|These two bur oaks stand amid a rich ecosystem. We know that from memory. Now it's mostly under ground.|
|After three decades of invasives control, local seed gathering and broadcast, and fire - the woodland is stable and rich.|
|Columbine (red), Beardtongue (white), and Spiderwort (blue).|
|Wild Bergamot, Joe Pye Weed, and Starry Campion flower, but Tall Goldenrod makes up most of the green ... and may be a threat to the others.|
The Illinois Native Plant Society recently funded research by Dr. Karen Glennemeier in cooperation with the Somme stewards to test some approaches. Perhaps all that's needed is more seed of species that are better adapted to such intermediate-light areas. Eriko Kojima, below, has been leading our seed gathering in recent years.
|Wide-leaved Panic Grass|
Most people hardly notice sedges and grasses. Botanists cherish them. Ecosystems depend on them for structure, fuel and many animals' food and habitat.
|Q: Why is this woman happy? A: Because she's broadcasting rare spring seeds.|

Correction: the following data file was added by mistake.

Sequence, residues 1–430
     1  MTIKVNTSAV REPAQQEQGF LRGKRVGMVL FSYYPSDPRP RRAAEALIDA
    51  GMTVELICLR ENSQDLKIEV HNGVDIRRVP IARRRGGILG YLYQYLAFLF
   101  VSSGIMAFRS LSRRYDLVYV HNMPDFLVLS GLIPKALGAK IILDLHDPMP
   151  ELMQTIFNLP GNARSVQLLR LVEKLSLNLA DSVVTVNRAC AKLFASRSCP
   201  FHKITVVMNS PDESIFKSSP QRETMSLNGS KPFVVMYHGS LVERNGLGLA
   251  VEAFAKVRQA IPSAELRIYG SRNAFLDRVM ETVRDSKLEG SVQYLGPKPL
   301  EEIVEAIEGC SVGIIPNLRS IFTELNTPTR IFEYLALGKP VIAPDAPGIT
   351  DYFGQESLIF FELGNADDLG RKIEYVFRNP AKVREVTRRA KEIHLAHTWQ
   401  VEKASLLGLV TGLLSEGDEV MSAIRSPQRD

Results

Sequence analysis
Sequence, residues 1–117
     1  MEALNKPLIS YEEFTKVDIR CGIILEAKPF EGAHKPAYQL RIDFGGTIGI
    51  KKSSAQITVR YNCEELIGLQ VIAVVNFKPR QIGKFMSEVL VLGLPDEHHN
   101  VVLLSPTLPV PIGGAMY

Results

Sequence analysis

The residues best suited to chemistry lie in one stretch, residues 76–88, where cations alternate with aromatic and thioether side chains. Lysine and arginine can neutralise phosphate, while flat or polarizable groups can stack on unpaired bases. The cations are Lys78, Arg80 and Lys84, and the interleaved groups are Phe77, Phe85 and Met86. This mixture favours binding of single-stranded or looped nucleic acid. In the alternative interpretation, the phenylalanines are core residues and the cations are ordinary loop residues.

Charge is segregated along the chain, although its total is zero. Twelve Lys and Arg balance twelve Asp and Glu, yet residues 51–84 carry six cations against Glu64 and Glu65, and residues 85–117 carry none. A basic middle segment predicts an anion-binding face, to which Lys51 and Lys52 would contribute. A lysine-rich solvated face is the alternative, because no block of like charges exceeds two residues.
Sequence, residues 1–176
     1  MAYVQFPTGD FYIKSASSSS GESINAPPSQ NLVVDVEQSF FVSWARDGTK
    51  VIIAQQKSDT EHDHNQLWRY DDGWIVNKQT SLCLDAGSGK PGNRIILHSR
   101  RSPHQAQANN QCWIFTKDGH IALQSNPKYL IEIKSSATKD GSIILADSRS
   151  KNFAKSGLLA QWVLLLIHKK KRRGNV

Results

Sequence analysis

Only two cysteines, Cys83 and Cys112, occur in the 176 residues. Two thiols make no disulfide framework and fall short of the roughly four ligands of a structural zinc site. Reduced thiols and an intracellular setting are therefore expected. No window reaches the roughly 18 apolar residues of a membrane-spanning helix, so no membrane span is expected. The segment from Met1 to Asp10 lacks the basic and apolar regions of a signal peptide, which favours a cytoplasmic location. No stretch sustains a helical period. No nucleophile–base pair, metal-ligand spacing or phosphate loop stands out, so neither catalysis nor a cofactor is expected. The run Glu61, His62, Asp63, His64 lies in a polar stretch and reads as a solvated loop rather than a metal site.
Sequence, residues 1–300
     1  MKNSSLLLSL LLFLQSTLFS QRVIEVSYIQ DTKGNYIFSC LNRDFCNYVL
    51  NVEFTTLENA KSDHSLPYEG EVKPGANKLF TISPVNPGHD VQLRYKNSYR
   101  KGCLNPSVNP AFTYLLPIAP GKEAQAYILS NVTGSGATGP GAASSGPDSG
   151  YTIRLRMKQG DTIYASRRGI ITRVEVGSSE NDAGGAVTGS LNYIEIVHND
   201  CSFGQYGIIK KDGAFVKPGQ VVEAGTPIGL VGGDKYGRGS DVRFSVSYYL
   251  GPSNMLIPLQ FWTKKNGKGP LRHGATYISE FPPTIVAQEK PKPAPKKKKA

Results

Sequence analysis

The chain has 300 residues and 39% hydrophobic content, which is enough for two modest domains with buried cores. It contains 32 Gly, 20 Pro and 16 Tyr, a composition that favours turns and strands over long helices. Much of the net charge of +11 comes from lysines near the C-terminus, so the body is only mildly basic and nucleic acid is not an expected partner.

|A handful of rare, costly treasure.|
Does it sound like we aren't sure what's the best management? We'll admit that that's sometimes true. That's why we need more science. But possibly to restore your confidence a bit, look at the last two photos.
The first is from April 8, 2020. The black char of fire is finally being replaced by green. And out here in full sun we're confident (as we were under the oaks) that we know what to do.
|Cowbane, Spotted Joe Pye Weed, Sweet Black-eyed Susan, and Virginia Mountain Mint.|
Orchard orioles, red-headed woodpeckers, and great spangled fritillaries already thrive here, where silent, dark buckthorn once stood.
Life is good.
For scientific names and more details...
(but, sorry, not the study, yet) ...
check out a slightly more technical version of this post.
Thanks for proofing to Kathy Garness.